View Full Version : intrinsic value

25th August 2007, 09:12
There is a subset of silver investors that are fixated on the intrinsic value of silver especially in the context of a world in which our current society has fallen apart. I think the current acronym is a SHTF scenario so that is what I'll use from here on. The general argument is that money will become worthless but silver and gold will retain value and still be useful.

There are two questions that come to mind. Why does silver have an intrinsic value now, and why and in what times has silver had an intrinsic value? The arguments range from, silver is rare, silver is rare and needed in industry, historically silver has an intrinsic value and so it will continue to, silver is a precious metal (rare and malleable). Malleability gets you ease of trade.

Society has moved from a barter economy (silver was unknown or generally worthless at this point), to an economy using coins, then to paper money, and now digitalized currency. I guess my question is this:
Why will silver retain an intrinsic value in a true SHTF scenario?

If person A has horses, and person B has 10 tons of wheat, why would they even talk to person C with 100 lbs of silver? Why would society (or lack of a society) not just revert to barter if the SHTF. What would keep society at the coin level of abstraction rather than falling back to our bartering origins. Items that are needed for survival have true intrinsic value in my book. Silver's value is just as "fake" as our "fake" paper money's value. The only difference being that we can't just cook up more silver, but that doesn't magically make corn pop out of the ground.

So maybe I don't see something. Why do all of you believe Silver will retain value after the SHTF?

This has been on my mind for some time and it really bugs me to some extent. I typed this up very quickly in a stream of thought manner. If anything else comes to mind I will update the post. I apologize for any glaring errors.

25th August 2007, 22:08
History has shown that barter isn't efficient, that's why societies throughout history have moved beyond barter to a "medium" of value that is acceptable to people across the board.

In a barter system, if person "A" has a widget that person "B" wants, "B" will only get it if "B" has something in "A" wants and views as equal value. Otherwise person "B" is SOL.

Enter "medium"...historically (5-6K years) Au and Ag because they meet the necessary criteria: i.e. accepted by folks as having "real" value; easily divisable; etc.

It is the intrinsic value of money that gives it's validity....until some government and people get greedy = enter fiat.

I'm sorry but IMO Ag has intrinsic value. You don't think so, fine....send me all you've got.

26th August 2007, 13:16
I don't mean to be confrontational or "give you all I have got" goldminer. This is a genuine question. If I ask "normal" people stuff related to SHTF scenarios they probably wouldn't want to associate with me anymore. So that is why I'm here.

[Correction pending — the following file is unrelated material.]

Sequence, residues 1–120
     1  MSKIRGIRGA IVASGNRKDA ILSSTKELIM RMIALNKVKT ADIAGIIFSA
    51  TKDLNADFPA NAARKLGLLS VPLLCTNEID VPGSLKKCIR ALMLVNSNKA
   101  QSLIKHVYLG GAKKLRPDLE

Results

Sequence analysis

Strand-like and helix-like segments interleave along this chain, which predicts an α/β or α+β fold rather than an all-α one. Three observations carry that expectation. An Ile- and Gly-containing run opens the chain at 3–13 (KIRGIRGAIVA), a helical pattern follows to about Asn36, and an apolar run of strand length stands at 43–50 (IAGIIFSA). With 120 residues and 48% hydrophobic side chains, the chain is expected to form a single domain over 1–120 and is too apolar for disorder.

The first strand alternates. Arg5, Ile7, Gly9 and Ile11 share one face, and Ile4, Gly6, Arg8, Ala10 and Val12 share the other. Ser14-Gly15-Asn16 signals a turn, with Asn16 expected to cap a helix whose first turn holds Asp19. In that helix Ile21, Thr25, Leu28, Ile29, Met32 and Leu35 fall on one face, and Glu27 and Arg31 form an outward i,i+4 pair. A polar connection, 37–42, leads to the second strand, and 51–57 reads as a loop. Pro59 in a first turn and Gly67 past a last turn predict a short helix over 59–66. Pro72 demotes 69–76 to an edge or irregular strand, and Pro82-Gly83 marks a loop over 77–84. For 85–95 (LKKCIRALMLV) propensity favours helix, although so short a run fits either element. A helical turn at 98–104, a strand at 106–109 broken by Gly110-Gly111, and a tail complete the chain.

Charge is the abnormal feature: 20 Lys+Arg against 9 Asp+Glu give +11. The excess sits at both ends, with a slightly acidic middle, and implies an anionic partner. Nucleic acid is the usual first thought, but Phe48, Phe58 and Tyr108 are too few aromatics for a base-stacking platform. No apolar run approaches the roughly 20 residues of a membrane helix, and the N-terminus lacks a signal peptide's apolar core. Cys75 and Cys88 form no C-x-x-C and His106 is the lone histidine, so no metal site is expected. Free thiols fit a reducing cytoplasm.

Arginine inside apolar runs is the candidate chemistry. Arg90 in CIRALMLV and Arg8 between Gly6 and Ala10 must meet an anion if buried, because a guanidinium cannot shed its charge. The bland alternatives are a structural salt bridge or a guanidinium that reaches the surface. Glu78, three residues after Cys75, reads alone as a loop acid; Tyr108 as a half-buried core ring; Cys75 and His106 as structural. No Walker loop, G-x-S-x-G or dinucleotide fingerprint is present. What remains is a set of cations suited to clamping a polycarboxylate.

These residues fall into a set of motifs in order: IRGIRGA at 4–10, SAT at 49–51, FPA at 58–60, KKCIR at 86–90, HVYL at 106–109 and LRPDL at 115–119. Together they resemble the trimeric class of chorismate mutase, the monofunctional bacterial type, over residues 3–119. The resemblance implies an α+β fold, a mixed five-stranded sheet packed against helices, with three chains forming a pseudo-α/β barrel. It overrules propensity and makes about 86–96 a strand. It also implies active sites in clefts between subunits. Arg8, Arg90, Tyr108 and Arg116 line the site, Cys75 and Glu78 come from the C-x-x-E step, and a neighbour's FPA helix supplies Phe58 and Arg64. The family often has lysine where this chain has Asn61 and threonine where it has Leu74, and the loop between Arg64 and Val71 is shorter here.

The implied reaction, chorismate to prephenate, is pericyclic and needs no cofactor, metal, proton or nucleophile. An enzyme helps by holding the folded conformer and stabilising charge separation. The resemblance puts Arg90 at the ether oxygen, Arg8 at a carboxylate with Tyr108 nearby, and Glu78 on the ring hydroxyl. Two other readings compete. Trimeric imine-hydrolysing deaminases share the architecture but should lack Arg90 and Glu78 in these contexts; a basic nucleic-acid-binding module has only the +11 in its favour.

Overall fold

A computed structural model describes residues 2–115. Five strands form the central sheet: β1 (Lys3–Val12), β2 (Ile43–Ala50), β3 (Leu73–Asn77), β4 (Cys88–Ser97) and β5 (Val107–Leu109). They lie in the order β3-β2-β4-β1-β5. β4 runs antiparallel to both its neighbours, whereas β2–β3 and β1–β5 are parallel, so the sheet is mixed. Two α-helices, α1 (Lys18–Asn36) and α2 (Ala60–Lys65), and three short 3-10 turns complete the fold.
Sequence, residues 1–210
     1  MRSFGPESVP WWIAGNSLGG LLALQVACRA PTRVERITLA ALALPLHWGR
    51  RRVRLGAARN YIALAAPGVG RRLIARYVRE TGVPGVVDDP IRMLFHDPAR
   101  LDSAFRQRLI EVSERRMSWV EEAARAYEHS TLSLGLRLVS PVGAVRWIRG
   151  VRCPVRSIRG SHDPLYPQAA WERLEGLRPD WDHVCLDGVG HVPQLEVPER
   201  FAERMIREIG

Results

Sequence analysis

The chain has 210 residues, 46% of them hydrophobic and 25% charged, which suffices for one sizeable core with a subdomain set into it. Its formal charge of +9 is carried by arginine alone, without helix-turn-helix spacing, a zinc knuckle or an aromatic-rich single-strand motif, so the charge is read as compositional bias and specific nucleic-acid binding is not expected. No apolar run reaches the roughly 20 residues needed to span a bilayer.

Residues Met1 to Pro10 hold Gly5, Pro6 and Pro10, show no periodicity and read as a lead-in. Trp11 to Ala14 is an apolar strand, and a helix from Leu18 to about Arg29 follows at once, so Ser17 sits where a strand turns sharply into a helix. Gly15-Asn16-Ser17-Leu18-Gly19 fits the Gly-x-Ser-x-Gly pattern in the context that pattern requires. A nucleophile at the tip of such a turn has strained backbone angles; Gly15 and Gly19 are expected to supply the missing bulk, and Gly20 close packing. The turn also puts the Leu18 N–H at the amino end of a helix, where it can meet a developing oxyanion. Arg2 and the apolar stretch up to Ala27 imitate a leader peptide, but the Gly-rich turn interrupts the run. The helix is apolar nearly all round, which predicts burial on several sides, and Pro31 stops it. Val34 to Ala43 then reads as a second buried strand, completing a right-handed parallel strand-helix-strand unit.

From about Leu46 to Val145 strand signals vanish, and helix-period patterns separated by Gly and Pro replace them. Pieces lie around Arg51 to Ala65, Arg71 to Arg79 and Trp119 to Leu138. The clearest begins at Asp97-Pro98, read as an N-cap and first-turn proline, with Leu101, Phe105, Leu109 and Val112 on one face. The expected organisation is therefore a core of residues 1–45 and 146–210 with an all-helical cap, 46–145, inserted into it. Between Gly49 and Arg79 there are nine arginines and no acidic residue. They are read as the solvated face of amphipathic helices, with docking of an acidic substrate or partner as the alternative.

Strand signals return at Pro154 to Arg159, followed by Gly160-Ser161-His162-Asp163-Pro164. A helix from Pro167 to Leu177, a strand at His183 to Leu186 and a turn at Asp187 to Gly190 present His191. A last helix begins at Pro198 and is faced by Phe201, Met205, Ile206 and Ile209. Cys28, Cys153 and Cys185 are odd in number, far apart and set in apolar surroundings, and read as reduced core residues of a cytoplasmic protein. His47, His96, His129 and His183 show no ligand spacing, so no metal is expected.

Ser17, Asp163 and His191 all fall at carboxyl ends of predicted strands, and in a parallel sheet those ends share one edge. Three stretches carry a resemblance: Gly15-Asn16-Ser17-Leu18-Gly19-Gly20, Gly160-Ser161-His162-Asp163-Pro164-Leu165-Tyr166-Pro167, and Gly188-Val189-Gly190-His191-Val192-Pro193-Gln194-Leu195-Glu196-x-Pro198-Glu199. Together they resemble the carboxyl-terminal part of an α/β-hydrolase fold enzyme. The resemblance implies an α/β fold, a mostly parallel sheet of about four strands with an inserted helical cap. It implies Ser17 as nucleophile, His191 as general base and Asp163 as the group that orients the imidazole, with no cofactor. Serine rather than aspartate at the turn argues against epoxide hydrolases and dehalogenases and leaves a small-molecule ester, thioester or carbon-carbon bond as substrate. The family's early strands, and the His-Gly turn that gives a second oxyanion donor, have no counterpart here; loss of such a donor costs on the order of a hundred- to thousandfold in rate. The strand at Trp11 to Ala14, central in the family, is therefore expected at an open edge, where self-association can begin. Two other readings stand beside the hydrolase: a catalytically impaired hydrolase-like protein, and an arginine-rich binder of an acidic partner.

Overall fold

You are correct. Barter isn't efficient. Then you state:

"Enter "medium"...historically (5-6K years) Au and Ag because they meet the necessary criteria: i.e. accepted by folks as having "real" value; easily divisable; etc."

Which is also true. I mean that is obviously why society used silver and gold, but my question remains unanswered. Folks accept silver as having "real" value, and most people today also accept paper money as having "real" value. Obviously a few people around here don't believe in paper money, and I(and maybe I alone) question silver's "Intrinsic value" too.

At least if the SHTF and all of our farm's stopped producing food, I'd rather have a stock pile of Spam somewhere remote, or very large guns and some people that want to stand next to me and hold them. Rather than a supply of precious metals. In a society as large as ours, if everything fell apart, I really doubt silver would have much intrinsic value until the population/food supply finds a new equilibrium.

My question remains though:

If you think people can stop believing and paper money and it will lose its value, why can't you imagine a scenario where silver becomes just as worthless for a similar reason? Maybe the way you guys imagine a SHTF scenario isn't as drastic as mine? if our shipping infrastructure falls apart, I've read that food stores only really have maybe a week of stock to realistically feed our population. Do a bunch of starving people really care about silver? If no one cares, does it have intrinsic value?

29th August 2007, 00:00
It costs the same to print a 1-dollar bill as a 100-dollar bill. It “costs” more to make a larger silver coin (presupposing it would be physically larger) because it takes more effort to mine and refine the silver. Unlike paper fiat money there is a physical limit too how many silver or gold coins of a given purity can be made, you can’t just print more. Also silver has an intrinsic value if for no other reason than it is used in industry.